A multi-million-pound high-rise development in Cardiff may not get off the ground as the man behind it is in jail for tax avoidance.
60-year-old Philip Bowles (pictured left), from Maidenhead, was convicted in June 2009 for three and a half years after evading a £1.3m VAT bill for the sale of land in Cardiff.
Mr Bowles, who was the lead developer for the Havannah Quay development in Butetown, was investigated by HMRC after the sale in 1999 of the £7.5m piece of land known as ‘Taff Island’.
HMRC said Mr Bowles failed to pay the VAT bill for ‘Taff Island’ which is now the Century Wharf development off Dumballs Road.
A spokesman for Persimmon Homes, which bought Westbury Homes, confirmed they had bought the land for Century Wharf from Mr Bowles in 1999.
The Havannah Quay development, also off Dumballs Road, was being proposed by Mr Bowles, but now faces being canned by Cardiff council’s planning committee this afternoon.
Council planning officers said they had dealt with Mr Bowles as the lead contact on the Havannah Quay development – but had not heard from him for some time. Architects Holder Mathias said they hadn’t done any work on the scheme for about two and a half years.
The Havannah Quay scheme would have seen 2,000 new homes, offices and a 24-storey five-star international hotel. It’s estimated the project would have created 2,700 jobs.
It was granted outline planning permission in December 2007, but Cardiff council decided to review the application and refuse it after failing to reach a Section 106 legal agreement over community benefits.
The Section 106 deal would have seen developers building a new cycling and pedestrian bridge over the River Taff, a ‘creative-hub’ for start-up businesses and open community spaces.
View a map showing the location of the Havannah Quay development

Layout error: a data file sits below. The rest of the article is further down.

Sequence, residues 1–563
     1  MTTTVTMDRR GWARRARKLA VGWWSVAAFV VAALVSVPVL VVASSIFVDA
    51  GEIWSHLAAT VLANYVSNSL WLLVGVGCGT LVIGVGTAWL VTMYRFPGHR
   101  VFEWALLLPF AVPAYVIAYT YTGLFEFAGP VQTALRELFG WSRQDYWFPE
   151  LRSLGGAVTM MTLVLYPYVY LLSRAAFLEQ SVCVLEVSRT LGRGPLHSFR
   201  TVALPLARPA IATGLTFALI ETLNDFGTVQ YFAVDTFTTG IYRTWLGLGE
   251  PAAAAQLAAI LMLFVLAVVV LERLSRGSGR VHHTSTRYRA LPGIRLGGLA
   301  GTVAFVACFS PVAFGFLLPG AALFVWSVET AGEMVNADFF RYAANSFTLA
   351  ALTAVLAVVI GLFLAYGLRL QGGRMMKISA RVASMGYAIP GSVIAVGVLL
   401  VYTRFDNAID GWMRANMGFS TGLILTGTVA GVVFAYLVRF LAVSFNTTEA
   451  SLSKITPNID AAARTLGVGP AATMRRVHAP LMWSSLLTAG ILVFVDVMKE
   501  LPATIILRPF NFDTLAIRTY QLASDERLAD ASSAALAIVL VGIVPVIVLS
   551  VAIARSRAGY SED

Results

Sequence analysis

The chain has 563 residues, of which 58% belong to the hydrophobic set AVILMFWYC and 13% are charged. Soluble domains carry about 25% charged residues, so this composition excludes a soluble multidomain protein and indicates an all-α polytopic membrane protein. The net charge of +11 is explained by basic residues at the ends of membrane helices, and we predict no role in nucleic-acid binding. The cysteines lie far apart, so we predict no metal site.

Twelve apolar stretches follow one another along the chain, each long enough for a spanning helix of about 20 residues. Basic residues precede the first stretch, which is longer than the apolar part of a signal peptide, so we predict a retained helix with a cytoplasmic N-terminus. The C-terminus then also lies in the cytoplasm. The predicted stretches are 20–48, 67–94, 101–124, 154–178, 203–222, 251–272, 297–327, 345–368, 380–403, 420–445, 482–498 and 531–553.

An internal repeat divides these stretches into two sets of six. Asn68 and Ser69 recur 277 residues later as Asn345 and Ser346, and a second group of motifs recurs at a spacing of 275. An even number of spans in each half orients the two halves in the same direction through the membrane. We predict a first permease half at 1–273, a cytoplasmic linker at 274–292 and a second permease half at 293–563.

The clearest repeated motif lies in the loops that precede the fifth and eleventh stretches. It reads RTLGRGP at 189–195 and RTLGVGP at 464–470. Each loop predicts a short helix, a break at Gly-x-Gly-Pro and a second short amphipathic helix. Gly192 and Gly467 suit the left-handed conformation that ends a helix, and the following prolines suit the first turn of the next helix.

View Havannah Quay development in a larger map
Ocean Developments Ltd, a landowning company, and Airfrieght Express Ltd were both owned by Mr Bowles. The website for the Havannagh Quay development – www.havannah-quay.com – is registered to the same address in West Drayton, Middlesex, as Ocean Developments Ltd.
His Honour Judge King when sentencing Mr Bowles in June 2009 at Oxford Crown Court said he had been using money from his land owning business to keep his aircraft business afloat.
He said: “I am satisfied that the fraud was not committed in order for you to line your own pockets but by milking funds owed to HMRC to keep your aircraft industry business afloat. You knew the financial difficulties and you equally knew the money was not yours and was that of the tax authorities.
“You made excuse after excuse, blaming others at every stage and deliberately misleading every department of HMRC. I consider this a very serious cheat and a substantial custodial sentence is appropriate.”
Peter Avery, Assistant Director, HMRC Criminal Investigations said: “Tax evasion is serious, blatant theft and we will continue to pursue those trading fraudulently to the full extent of the law. This sentence will serve as a deterrent to anyone who thinks that tax fraud is a risk worth taking.”
Mr Bowles appealed against his conviction, but it was dimissed in June 2010 at the Court of Appeal in London.
Mr Bowles will this week have served a third of his sentence but has still not had a ‘confiscation hearing’ with the HMRC where they work out how much of the money can be reclaimed by the state.
A spokesperson for the Ministry of Justice refused to confirm whether Mr Bowles was still in prison.
Phone calls to Ocean Developments Ltd and Mr Bowles have not been answered.